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Is Fish Sauce Vegan? Can Vegans Eat Fish Sauce?

Is Fish Sauce Vegan? Can Vegans Eat Fish Sauce?

Answer: No, fish sauce is not part of a vegan diet.

Is Fish Sauce Vegan? Can Vegans Eat Fish Sauce?

Can Vegans Eat Fish Sauce?

When it comes to the culinary world, names can very often be misleading. That’s because the name and ingredients sometimes don’t really add up. Unfortunately, fish sauce is exactly what you think it is. It’s a cooking condiment that comes from fish being salted and fermented for several months or even years. Some varieties may use krill as the primary ingredient, but that doesn’t make it any more vegan. And since it’s a popular ingredient (especially in Asian dishes), you often come across it in menus and recipes. But to set the record straight, the original fish sauce is made from marine life and is not vegan.

Health and Nutrition

Fish sauce is an incredibly popular condiment, but it’s not all good news. Studies show that the fermentation process in preparing fish sauce makes it excessively rich in salt. Few other food condiments have as much sodium content as fish sauce. And there’s a decent study on how fish sauce can worsen the effects of gastric problems.

There are some proteins and traces of calcium present in it. But there are much better alternatives for getting the protein and calcium your body needs. Fish meat is famous for being a great source of Omega 3 fatty acids, and this is true. But fish sauce barely has any left because of the intensive fermentation process. Also, you can get your fair share of Omega 3 fatty acids from a variety of seeds. These include chia seeds, walnut, hemp seeds, flaxseeds, etc.

Environment and Ethical Issues

And it’s not just fish sauce. Any other food products that come from fish have consequences that go beyond us. Fish are known to experience emotions and exhibit forms of social bonding too. It’s common for people to show a lot of care and humanity towards more endearing and cute animals, but marine life is easy to disregard.

The fishing industry is another cause of concern. It has deep environmental impacts that cannot be undone, and the commercial sector is perhaps even more exploitative than other businesses. The habitat destruction is happening on an unprecedented scale, and “bycatch” destroys much more marine life. A supplier or manufacturer may claim ethical standards, but there are just too many loopholes in the industry.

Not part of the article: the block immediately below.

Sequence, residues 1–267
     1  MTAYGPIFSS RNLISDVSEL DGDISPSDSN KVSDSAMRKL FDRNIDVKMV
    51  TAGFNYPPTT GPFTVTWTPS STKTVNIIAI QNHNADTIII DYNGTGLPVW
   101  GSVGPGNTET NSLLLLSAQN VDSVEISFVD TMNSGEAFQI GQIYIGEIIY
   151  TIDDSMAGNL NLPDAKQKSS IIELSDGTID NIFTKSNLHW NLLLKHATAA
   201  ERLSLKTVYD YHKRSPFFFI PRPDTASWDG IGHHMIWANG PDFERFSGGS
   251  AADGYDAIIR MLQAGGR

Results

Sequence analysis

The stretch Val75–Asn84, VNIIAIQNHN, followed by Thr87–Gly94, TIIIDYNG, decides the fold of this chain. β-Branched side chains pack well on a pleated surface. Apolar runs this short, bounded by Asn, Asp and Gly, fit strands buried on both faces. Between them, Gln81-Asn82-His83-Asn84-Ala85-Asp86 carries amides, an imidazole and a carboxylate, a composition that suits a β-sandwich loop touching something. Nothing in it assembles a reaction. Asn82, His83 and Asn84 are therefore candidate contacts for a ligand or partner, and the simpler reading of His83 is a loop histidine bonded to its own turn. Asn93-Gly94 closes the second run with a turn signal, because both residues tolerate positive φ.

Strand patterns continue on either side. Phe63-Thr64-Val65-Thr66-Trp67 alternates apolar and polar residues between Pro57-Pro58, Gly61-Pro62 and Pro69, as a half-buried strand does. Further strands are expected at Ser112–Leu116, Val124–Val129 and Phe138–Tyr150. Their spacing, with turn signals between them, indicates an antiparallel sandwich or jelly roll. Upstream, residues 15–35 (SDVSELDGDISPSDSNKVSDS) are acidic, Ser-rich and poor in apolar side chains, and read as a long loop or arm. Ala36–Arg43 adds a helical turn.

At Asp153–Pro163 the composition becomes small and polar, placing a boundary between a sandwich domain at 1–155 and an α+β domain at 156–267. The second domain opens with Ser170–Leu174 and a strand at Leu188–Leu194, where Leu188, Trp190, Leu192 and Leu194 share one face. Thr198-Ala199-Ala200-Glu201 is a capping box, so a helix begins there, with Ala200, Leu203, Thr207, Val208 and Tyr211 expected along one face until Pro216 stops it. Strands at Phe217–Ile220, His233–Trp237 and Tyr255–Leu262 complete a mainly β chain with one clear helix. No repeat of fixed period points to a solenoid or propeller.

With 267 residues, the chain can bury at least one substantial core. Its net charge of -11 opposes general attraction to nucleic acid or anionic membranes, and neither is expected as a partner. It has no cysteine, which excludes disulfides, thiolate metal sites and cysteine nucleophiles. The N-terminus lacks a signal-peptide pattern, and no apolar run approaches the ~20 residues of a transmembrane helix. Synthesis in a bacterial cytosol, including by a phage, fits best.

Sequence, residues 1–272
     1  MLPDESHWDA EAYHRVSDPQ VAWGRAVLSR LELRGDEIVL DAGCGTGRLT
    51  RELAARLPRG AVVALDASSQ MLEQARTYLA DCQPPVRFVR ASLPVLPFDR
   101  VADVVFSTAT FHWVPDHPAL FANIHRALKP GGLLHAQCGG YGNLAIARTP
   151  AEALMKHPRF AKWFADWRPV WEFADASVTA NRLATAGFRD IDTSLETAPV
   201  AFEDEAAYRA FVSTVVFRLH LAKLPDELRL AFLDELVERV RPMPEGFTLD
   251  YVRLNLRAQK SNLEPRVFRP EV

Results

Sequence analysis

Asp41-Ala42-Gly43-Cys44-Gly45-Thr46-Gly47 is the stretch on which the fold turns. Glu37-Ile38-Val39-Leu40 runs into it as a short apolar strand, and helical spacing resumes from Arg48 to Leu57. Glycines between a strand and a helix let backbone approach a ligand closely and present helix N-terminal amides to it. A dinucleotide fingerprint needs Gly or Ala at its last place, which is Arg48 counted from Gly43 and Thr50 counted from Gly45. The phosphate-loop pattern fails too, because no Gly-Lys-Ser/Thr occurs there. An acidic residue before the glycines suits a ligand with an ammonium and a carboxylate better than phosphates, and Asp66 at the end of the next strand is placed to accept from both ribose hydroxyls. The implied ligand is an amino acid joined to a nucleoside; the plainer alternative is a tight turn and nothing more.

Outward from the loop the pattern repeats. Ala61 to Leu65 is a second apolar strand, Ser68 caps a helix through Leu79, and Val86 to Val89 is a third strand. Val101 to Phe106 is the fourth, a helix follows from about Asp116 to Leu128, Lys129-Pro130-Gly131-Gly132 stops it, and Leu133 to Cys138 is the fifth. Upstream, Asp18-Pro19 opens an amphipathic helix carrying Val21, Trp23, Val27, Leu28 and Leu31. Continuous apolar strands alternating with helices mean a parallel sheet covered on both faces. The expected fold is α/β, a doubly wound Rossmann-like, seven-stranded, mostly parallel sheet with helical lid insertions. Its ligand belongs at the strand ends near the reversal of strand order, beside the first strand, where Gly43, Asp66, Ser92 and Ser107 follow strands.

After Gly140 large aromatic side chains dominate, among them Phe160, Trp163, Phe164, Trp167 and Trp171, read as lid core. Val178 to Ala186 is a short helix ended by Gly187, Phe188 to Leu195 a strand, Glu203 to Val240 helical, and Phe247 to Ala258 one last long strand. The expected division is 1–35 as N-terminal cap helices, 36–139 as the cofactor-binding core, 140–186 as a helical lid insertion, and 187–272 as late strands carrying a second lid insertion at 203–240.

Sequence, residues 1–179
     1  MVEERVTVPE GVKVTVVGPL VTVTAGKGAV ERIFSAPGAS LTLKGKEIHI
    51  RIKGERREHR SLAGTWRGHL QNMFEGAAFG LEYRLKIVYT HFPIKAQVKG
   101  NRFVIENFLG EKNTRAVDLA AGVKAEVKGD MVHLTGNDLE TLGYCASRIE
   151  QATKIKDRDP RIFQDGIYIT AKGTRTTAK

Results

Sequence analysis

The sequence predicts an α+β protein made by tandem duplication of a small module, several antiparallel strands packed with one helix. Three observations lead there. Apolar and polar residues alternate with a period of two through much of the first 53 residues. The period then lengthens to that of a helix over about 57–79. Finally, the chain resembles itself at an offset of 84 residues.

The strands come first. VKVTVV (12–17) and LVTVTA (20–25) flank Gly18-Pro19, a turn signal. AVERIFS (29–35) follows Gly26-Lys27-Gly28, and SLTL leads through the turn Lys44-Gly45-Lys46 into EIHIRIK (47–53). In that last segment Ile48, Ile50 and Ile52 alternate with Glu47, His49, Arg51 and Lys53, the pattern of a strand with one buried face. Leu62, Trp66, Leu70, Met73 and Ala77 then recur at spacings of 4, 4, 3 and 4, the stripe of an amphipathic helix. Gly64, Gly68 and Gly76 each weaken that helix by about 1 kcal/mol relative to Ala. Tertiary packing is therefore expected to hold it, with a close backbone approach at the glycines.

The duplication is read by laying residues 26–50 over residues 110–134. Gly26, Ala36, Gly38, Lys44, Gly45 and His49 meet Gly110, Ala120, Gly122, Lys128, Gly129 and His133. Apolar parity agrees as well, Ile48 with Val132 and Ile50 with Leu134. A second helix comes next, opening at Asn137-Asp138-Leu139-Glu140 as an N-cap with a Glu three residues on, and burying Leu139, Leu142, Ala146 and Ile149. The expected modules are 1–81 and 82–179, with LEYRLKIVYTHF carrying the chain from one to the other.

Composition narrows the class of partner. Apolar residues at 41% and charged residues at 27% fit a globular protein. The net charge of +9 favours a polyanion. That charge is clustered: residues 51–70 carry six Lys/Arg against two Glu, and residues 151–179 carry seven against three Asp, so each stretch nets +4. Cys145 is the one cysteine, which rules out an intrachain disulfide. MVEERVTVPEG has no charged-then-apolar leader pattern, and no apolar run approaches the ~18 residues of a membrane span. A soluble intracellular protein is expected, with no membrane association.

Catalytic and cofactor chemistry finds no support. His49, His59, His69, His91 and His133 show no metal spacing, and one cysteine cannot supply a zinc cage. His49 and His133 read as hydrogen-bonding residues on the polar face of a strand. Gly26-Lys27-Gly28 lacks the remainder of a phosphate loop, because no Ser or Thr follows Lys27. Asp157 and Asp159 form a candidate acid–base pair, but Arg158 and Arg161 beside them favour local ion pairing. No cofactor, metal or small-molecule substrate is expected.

Vegan Alternatives to Fish Sauce

Easy Substitutes

The great thing about the vegan lifestyle is that there’s always an equally good, if not better, alternative to every food. And it’s no different with fish sauce. Typical substitutes for fish sauce include soy sauce, seaweed, coconut Aminos, mushroom & soy sauce broth, Tamari, etc. With the right balance of ingredients, one or more of these sauces can fill in for fish sauce whenever you cook.

The only problem here is that you might have to keep switching between sauces depending on the dish you prepare. No single one of these sauces captures the exact essence of fish sauce in every meal. Fish sauce is especially known for the unique umami flavor it puts into dishes. And products like soy or Worcestershire sauce come close but are not the same thing. To fix this, many vegans prepare their own ‘fish sauce’ straight from plant products.

Homemade Vegan Fish Sauce

To make your very own vegan fish sauce, you just need the right combination of vegan ingredients. As mentioned above, a single sauce may not fully capture the taste of fish sauce. But the right combination of ingredients can make a pretty decent alternative. Here’s a simple but awesome recipe.


You’ll need Atlantic seaweed (dulse), dried shiitake, chickpea miso, Tamari, water, and salt.


Mix the seaweed and dried shiitake with water and some salt. This will create a rich liquid base for the sauce. By the way, Atlantic seaweed is super rich in iodine, vitamins, phosphorus, and manganese. Next, collect the sauce base by running it through a mesh strainer. Press on the seaweed and mushrooms so that you get all the rich, liquid goodness. Finally, add the Tamari first, and then the chickpea misos as you stir the sauce. There you have it! Your own vegan fish sauce that tastes great and with twice the nutrition.